See also:
Part One: The Resurrection of Jesus as Mass Hallucination
Part Two: Women Witnesses – Visions of The Resurrection of Jesus

Posted in Early Christian literature, Early Jewish literature, Gospels, Historiography, Jesus & Christ | 1 Comment »

Women Witnesses – Visions of The Resurrection of Jesus

Posted by NT Wrong on September 25, 2008

The canonical Gospels all include stories of women who see the resurrected Jesus. Why women? In a world in which the opinions of men were much more greatly esteemed than those of women, why all these stories about women seeing the resurrected Jesus?

The simple explanation must be that it was in fact women who had the earliest visions of Jesus. Women followers of Jesus, not men, were the first to experience visions of Jesus after his death. And it is these stories which became central to the vision reports of the resurrected Jesus which were later incorporated into the gospels.

In the first century AD, women had limited roles to play in preaching and public speaking. But when it came to visions, vision reports, and prophecy, women had a special position. In fact, visionary experiences are, across many cultures, one of the limited number of ways that a woman can express herself religiously with authority. In her study of medieval visionary experiences (Power, Gender and Christian Mysticism), Grace Jantzen considers this is the major explanatory factor for the high proportion of women visionaries. Any authority women claimed for themselves would require a very special validation in the face of male hegemony — and a prime validation was a vision of the glorified heavenly Jesus.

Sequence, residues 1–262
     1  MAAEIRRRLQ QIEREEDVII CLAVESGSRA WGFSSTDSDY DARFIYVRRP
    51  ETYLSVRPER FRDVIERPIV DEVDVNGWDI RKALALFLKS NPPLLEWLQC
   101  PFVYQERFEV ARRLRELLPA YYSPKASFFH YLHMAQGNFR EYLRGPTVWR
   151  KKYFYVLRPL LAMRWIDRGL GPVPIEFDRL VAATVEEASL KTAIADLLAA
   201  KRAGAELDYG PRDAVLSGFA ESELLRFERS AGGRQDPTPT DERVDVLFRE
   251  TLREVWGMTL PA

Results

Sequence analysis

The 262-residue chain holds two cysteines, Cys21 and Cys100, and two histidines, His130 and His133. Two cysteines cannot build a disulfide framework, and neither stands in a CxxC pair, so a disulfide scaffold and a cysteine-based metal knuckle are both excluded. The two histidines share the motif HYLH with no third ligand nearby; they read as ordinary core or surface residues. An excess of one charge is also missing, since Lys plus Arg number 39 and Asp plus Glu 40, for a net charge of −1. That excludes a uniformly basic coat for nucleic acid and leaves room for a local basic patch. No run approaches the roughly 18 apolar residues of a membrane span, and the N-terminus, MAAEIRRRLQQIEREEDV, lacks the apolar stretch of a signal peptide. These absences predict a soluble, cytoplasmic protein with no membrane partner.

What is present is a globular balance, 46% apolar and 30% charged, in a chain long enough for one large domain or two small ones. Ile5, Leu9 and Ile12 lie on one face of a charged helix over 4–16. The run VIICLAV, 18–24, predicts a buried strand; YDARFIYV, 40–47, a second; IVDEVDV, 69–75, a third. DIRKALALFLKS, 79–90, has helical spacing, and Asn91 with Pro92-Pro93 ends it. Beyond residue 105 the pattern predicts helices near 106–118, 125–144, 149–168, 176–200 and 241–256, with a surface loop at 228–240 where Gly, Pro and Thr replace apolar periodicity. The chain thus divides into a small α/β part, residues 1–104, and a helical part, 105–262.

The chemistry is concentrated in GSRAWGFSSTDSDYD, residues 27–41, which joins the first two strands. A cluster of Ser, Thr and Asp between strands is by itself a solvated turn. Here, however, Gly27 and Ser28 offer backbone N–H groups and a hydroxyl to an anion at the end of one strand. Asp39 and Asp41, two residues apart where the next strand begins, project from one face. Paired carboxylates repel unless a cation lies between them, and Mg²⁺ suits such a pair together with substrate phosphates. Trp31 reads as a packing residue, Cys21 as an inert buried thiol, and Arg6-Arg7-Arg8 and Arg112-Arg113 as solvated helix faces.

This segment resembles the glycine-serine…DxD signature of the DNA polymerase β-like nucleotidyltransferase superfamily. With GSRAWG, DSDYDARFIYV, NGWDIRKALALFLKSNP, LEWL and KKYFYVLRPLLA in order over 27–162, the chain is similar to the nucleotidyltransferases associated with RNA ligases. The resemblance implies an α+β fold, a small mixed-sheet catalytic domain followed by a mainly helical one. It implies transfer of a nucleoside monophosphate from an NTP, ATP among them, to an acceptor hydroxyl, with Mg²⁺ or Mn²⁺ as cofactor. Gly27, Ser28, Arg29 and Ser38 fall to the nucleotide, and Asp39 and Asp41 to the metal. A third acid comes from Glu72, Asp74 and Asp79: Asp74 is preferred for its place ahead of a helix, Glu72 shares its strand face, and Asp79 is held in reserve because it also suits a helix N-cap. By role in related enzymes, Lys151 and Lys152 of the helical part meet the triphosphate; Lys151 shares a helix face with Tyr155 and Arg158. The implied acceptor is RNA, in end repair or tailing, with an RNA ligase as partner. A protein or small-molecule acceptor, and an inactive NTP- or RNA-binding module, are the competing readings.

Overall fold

“Given all the other restrictions on women, along with the expectations of the time, it is not at all surprising that women might be more open than men to visionary experiences in the first place, make more of them when they occurred, and use them as the basis for their authority as teachers of authority and spirituality.”
– Grace Jantzen, 169

A study by Jerome Kroll and Bernard Bachrach, of 134 vision reports from the 8th-12th centuries, demonstrates how visionary experiences were an opportunity for the downtrodden, oppressed, poor, and women to express themselves. Some 49% of visionaries, in their large survey, were either men without rank or women, despite the literature being read by a small elite of the population. Similarly, the majority of leaders in the Nineteenth Century Spiritualist Movement were women.